Most of the objects in Waddell's collection were made in an industrial setting, although few were produced in large numbers. "There's a common assumption that this material, being less than a century old and typically serially produced, has survived in abundance," Waddell notes. "For many of the more important works, this is proving not to be true. Production was limited; demand was modest; and much has been lost." A group of metal housewares makes this point (Fig. 10). Kem Weber intended his 1928 Today line for the Friedman Silver Company to include over one hundred designs, but fabrication apparently was cut short after fifteen were produced, underscoring how companies needed to balance innovation with profitability.13 A notable number of modern metal designs were for drinking paraphernalia, suggesting that early proponents of American modernism also enjoyed evading Prohibition. Bernard Rice's Sons transformed a skyscraper into a silverplate cocktail shaker while Russel Wright explored austere geometric shapes for a pewter cocktail service. After repeal, Creative Design declared that "drinking, for America, is superbly modern."14 But as the shakers in Waddell's collection prove, for some Americans it always had been.
Over the four decades that Waddell has been collecting American modernism, he has seen it become firmly ensconced in the narrative of American material culture. "The window to collect the best of the earliest examples of American modern is nearly closed," he reflects, although he remains undeterred as scholars continue to explore the late 1910s and early 1920s. "Any object reflecting the form and spirit of early modernism deserves a second look."
1 Paul T. Frankl, New Dimensions: The Decorative Arts of Today in Words and Pictures (Payson and Clarke, New York, 1928), p. 16. 2 "Modernist Decoration in Paris," House and Garden, vol. 39, no. 1 (January 1921), p. 30. 3 Biographical information for Haley and all other designers comes from John Stuart Gordon, A Modern World: American Design from the Yale University Art Gallery, 1920-1950 (Yale University Press, New Haven, Conn., 2011). 4 Some handmade modernist objects and furniture were produced in the UnitedStates before 1925, but large-scale manufacturers and retailers took longer to adopt the new style.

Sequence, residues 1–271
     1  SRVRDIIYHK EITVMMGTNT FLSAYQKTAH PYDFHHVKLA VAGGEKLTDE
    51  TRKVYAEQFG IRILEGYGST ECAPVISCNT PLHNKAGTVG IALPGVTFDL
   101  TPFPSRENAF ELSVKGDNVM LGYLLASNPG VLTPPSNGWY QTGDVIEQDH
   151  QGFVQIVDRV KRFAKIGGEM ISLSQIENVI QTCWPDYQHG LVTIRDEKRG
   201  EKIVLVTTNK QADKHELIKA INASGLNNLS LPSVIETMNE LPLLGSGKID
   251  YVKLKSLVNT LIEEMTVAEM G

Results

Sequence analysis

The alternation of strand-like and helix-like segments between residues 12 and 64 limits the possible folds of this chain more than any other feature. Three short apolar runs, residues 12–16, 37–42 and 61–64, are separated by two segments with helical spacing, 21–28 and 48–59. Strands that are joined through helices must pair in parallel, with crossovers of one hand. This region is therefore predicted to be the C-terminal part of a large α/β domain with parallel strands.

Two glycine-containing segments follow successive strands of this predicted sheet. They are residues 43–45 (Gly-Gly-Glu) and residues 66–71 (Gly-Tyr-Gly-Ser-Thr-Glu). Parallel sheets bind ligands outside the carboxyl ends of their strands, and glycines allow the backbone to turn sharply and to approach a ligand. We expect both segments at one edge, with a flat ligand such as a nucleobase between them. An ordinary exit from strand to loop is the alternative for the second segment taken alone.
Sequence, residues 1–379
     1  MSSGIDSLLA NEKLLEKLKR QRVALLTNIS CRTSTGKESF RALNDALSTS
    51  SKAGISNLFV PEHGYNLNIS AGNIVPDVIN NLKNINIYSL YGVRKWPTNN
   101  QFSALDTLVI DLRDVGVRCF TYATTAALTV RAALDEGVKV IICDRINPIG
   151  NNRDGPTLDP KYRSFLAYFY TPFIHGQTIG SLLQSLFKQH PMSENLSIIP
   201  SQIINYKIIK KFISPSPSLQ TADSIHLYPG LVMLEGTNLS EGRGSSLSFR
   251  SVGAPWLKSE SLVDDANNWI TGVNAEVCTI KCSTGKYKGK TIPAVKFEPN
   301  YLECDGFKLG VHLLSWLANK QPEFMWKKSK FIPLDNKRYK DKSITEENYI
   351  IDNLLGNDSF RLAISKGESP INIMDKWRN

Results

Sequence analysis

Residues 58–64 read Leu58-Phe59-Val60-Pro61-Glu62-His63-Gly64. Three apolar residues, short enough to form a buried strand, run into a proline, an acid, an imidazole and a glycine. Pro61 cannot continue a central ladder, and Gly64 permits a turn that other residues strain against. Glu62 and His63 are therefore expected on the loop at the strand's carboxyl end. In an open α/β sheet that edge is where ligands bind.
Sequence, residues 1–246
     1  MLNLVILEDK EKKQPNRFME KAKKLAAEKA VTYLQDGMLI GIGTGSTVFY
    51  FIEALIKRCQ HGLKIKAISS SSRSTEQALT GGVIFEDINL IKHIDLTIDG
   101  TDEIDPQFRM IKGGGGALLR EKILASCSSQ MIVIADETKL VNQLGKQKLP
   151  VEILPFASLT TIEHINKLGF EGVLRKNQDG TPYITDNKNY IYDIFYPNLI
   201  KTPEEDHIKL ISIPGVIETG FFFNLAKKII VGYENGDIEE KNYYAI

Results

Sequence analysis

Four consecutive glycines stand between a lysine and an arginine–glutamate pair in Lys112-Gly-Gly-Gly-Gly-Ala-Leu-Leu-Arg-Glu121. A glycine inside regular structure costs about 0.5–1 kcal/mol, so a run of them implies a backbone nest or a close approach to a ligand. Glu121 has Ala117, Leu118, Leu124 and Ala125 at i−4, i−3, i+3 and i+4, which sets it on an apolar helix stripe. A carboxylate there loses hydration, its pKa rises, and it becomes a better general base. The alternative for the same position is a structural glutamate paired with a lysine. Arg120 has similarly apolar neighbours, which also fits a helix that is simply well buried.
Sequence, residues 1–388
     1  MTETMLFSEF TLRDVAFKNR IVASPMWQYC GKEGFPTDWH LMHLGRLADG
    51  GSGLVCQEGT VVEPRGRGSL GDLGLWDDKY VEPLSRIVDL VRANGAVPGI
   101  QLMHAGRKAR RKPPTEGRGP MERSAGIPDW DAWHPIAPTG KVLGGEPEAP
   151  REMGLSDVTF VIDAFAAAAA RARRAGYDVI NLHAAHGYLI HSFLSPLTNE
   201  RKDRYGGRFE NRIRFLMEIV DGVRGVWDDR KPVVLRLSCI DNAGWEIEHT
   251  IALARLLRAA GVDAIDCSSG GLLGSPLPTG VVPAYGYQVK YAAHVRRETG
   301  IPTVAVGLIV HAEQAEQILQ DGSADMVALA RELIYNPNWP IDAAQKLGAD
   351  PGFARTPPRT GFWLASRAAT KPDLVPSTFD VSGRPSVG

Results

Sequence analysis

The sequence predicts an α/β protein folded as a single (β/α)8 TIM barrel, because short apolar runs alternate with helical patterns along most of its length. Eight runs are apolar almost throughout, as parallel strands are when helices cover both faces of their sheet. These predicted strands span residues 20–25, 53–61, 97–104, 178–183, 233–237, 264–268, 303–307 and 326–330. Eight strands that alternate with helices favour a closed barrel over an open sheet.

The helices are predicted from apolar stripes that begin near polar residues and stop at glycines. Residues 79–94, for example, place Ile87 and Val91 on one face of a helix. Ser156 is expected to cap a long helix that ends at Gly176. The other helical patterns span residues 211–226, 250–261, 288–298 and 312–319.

5 Consolidated fabricated the cubic glassware until they closed the factory in 1933, but the molds were purchased by the Phoenix Glass Company, which continued production until 1936. Gordon, A Modern World, p. 61. 6 This same decoration appears on a cigarette box by Deskey given by Waddell to the Metropolitan Museum of Art and on a screen illustrated in David Hanks and Amy Toher, Donald Deskey: Decorative Designs and Interiors (E.P. Dutton, New York, 1987), p. 161. 7 For a full discussion of Weber see Christopher Long, "Kem Weber and the rise of modern design in Southern California," The Magazine Antiques, vol. 175, no. 5 (May 2009), pp. 96-103. 8 Paul T. Frankl, Form and Re-Form: A Practical Handbook of Modern Interiors (Harper and Brothers, New York, 1930), p. 170. 9 For a full discussion of the genesis of Frankl's Skyscraper furniture see Christopher Long, Paul T. Frankl and Modern American Design (Yale University Press, New Haven, Conn., 2007), pp. 66-67. 10 Paul T. Frankl, "Furniture of the Fourth Dimension," House and Garden, vol. 51, no. 2 (February 1927), pp. 77, 140. 11 Martin Filler, "A rare Kem Weber chair shows the European side of American modernism," The Magazine Antiques, vol. 173, no. 5 (May 2008), pp. 90-93. 12 "Style Trends at Grand Rapids," Good Furniture, vol. 33, no. 1 (July 1929), p. 48. 13 "Weber's Designs Shown," Los Angeles Times, February 24, 1929. 14 "Two Slants on Contemporary Silver," Creative Design, vol. 1, no. 1 (Fall 1934), p. 15.
John stuart gordon is the Benjamin Attmore Hewitt Assistant Curator of American Decorative Arts at the Yale University Art Gallery.